Consciously Controlling My Subconscious?

I had been back in New York City for weeks, but the Shaman's words followed me. When I couldn't shake that mountain top, I visited a crystal therapy gypsy. I wanted to know if she saw the same future for me as the shaman. I'm not sure if it's there any longer, but it was tiny shop on Clinton in the L.E.S. I found it interesting that a person, who it seemed to me had the same profession of predicting futures as my shaman, had such an objective opinion on the situation. The gypsy felt shamans were dangerous, and believing their readings ultimately was as self-fulfilling prophecy. She handed me a book on controlling my subconscious thinking, to rid me of the shaman's words, and sent me on my way.

Now, I'm not sure this worked. I read the book. I consciously thought about not subconsciously thinking about the shaman, but somehow, I only thought about it more.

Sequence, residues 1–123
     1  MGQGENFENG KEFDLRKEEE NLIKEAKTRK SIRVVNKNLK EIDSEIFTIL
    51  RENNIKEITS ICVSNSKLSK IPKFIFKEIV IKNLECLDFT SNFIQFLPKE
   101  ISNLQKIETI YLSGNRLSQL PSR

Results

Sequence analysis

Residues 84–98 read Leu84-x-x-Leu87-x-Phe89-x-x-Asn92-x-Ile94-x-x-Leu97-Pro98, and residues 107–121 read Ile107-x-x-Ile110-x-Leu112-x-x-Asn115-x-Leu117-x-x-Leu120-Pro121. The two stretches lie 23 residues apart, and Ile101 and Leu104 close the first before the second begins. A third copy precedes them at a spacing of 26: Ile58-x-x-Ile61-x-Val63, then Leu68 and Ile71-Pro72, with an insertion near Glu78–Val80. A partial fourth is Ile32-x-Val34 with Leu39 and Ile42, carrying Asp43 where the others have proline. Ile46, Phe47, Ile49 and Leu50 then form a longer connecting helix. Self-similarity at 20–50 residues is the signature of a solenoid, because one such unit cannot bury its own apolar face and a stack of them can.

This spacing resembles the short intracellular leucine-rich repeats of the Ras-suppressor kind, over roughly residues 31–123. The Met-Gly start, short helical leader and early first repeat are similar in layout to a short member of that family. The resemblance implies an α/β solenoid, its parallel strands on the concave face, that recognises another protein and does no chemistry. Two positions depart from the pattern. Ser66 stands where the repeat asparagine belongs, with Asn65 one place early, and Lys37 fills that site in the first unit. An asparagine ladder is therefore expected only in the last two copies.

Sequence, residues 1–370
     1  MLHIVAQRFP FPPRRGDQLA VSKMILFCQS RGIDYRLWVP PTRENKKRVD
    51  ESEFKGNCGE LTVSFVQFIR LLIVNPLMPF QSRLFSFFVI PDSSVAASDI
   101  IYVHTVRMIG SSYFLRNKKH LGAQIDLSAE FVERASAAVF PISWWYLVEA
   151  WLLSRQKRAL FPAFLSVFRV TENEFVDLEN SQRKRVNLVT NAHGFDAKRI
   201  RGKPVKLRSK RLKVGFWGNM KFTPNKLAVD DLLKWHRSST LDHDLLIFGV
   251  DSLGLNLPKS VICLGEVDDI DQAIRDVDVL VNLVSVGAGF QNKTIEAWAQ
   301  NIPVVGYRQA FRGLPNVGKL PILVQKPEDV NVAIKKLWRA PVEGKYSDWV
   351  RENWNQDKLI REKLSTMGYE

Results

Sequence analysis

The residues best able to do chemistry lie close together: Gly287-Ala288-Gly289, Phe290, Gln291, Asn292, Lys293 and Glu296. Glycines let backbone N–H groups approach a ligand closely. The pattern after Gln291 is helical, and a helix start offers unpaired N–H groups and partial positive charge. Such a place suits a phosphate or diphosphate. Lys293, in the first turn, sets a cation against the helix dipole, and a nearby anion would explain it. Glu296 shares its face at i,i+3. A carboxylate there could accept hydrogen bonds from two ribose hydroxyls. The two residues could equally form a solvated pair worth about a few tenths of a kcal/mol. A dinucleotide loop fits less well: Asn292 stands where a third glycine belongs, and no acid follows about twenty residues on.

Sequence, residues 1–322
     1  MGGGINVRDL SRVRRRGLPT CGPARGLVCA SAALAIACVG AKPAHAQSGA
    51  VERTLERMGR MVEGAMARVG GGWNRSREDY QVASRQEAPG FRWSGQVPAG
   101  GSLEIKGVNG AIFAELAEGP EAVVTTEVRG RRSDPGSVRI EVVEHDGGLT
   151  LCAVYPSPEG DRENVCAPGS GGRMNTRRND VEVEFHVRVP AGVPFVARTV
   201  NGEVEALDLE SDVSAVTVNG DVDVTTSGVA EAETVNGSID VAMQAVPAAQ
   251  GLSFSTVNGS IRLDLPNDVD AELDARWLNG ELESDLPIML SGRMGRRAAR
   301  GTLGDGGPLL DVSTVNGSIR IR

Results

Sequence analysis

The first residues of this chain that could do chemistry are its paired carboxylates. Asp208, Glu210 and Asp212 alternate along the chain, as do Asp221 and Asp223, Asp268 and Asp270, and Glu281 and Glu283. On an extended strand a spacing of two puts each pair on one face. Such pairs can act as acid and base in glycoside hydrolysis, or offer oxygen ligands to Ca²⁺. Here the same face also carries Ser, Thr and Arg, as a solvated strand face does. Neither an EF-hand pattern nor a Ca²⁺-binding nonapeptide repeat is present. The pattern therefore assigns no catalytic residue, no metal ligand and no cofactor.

I had lived in New York for over five years now, and was daftly aware that my sixth year was fast approaching. As I planned my path forward with my husband, friends, New York life, things were changing all around me; I was about to become Girl ReRouted.

Tuesday, February 19, 2008

The Shaman's Last Words

What exactly did the Shaman say to me on that mountain top? He apologized again and again, but said that "I would leave the city I love before my sixth year. I would get divorced, and things would be bad. But, I would find the love of my life."

Now, I'm not sure if you believe in this type of prophecy, and I can't say that I did either. I left that village shortly after and headed toward Calcutta.